Vermonter performance today is entirely impacted by the Springfield Line upgrades and the Metro North catenary replacement work on the New Haven Line shutting down 2 tracks at a time in the work zone. The route is still carrying sizeable artificial schedule padding through the duration of those two Connecticut projects. The cat replacement project ends for good in less than a year. Springfield Line (for now...as of latest projected schedule) and Springfield Union Station platform upgrades end early-2018. The Vermonter schedule will see a more dramatic revision at that point than any of the timetable adjustments it's seen to-date. All of this was known from the day the upgrade project was funded; it's not news or disappointment to anyone. What you see today is transitional...wholly-planned transitional.

NECR was late on the switch replacement at Northfield Jct. (still messed up) and some new signal cut-ins (finished now???) south of Brattleboro. Their trackage rights fees spat with Pan Am and punishment of Pan Am freights with artificial slow orders took their eyes off the ball there to everyone's momentary annoyance. Parties have a proposed settlement of that case adjudicating in front of the STB right now, which will nip that in the bud. But NECR's lateness on closeout details was never a factor in retaining the extra schedule padding. That's all about the heavy construction in Connecticut that's still got another stressful year-plus to go. There's good reason they're not ramming through the Montrealer restoration simultaneous with the Adirondack getting Customs pre-clearance at Gare Central, despite NECR having already completed its track work from St. Albans to the Canadian border. It's not worth making the leap to engage Quebec Province until they can cash out the entirety of that south-of-Springfield schedule padding.
Certainly in the heavily traveled/populated NE Corridor there has proven to be demand for both bus and Amtrak service. I'm decades out of college but I did recently enjoy a $20 4 hour ride on Gobus from Riverside (Newton) to the NYP area in Manhattan that Amtrak could not come close to matching on price and I'd do it again if I wasn't going to drive the route to LI as I usually do.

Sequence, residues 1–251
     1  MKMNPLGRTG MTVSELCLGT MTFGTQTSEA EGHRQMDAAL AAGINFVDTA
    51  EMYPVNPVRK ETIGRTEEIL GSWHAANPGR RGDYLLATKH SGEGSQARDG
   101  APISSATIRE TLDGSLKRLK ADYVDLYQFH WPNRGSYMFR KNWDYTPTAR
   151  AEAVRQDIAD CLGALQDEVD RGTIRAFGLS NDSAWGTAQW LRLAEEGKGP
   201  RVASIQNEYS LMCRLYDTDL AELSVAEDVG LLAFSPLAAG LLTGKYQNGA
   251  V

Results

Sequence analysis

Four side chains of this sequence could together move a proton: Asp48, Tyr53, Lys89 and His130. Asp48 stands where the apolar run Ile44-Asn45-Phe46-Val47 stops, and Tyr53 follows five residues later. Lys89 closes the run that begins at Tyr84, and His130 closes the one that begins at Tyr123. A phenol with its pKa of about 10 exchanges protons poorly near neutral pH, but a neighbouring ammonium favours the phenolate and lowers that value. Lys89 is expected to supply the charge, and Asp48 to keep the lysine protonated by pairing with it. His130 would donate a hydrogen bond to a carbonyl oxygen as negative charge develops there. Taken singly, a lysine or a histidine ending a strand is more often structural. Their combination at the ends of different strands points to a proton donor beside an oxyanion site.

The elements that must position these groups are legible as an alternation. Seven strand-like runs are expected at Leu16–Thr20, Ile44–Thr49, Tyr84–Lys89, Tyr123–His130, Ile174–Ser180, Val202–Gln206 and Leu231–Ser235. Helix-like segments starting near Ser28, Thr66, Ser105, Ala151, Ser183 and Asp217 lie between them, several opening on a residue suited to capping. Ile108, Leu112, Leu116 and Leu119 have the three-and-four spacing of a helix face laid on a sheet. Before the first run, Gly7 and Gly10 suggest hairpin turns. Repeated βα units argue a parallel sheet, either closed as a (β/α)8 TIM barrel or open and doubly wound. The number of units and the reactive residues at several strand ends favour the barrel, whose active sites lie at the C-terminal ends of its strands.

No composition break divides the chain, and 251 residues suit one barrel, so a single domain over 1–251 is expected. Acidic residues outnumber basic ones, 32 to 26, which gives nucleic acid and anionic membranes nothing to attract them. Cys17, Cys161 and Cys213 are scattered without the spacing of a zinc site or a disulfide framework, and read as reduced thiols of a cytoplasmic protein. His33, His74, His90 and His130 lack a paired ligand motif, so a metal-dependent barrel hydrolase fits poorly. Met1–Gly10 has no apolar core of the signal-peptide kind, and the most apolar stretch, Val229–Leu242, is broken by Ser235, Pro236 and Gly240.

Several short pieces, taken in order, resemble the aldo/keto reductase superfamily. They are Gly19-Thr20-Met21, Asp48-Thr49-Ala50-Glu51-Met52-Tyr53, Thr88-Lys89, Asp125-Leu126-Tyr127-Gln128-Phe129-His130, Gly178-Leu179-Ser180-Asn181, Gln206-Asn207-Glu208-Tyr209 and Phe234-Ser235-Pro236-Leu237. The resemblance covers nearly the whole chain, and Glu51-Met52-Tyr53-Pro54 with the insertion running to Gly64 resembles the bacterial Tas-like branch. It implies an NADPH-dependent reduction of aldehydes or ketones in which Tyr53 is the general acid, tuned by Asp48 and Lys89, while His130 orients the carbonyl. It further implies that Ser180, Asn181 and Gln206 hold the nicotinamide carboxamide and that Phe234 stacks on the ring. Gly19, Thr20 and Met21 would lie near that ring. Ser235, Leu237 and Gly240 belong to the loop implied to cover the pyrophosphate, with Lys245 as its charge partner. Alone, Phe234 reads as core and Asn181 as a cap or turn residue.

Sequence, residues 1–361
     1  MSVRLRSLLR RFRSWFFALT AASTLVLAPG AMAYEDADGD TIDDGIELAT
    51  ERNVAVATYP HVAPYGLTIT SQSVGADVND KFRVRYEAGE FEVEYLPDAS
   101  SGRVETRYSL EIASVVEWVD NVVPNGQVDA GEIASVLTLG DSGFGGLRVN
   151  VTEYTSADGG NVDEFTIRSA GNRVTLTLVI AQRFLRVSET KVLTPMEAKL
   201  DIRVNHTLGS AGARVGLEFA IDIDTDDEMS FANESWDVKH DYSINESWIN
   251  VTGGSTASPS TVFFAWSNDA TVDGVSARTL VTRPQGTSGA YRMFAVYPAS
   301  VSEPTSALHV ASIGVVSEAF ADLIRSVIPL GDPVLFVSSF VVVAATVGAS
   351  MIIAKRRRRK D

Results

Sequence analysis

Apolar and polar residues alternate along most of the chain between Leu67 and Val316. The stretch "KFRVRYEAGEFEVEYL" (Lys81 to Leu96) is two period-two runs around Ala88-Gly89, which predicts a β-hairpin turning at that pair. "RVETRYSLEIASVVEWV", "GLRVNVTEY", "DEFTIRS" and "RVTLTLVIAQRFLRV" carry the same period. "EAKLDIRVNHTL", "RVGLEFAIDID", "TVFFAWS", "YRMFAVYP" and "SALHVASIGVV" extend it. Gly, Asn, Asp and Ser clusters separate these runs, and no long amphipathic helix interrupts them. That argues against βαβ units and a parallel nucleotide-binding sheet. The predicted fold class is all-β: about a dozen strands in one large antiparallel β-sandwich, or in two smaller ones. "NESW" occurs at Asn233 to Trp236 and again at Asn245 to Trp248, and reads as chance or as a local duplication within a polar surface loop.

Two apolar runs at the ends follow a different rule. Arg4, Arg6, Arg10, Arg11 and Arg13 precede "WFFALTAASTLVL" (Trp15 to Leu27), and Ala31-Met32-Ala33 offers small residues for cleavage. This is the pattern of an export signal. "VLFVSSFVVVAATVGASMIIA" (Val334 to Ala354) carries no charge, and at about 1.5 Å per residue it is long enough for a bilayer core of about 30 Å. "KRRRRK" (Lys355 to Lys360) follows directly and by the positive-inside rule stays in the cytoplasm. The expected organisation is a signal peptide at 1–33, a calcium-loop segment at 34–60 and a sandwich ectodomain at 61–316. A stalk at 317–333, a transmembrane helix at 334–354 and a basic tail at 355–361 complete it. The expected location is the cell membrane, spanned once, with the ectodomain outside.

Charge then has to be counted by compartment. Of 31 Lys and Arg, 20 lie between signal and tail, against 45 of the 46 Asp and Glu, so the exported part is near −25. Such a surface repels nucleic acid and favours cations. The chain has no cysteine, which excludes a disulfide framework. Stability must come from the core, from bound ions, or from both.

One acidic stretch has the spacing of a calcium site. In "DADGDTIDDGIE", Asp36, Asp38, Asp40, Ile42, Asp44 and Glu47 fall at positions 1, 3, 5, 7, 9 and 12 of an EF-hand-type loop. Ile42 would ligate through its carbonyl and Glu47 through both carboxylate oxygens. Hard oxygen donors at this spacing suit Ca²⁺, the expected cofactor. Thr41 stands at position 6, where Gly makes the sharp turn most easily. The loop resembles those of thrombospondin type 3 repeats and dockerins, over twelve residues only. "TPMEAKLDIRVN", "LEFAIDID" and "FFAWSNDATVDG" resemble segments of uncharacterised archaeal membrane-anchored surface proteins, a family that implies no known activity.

That's exactly my point: room for two. 20 years ago the buses had a hands-down advantage on the I-95 corridor between Boston and NYC for the cost-conscious set. Very few students rode Amtrak. Now? Bus fares are even lower, but Amtrak's share of the market has increased a lot. Why? They can offer schedule certainty for their price, while the bus is less able than ever to project arrival times. The buses, with the arrivals of the super-discount carriers like Megabus, in fact no longer emphasize their travel times as anything other than a reference point...instead using even lower pricing to bargain with the escalating variability. The market's fragmenting along those lines. It's fragmenting within the bus mode in ways that didn't exist 20 years ago when it was one flavor of Greyhound/Peter Pan dominating. So, really, it's the fact that there's market fragmentation within a formerly unified mode of intercity travel that's giving the trains a bigger share of the pie than simply the trains forcing the issue.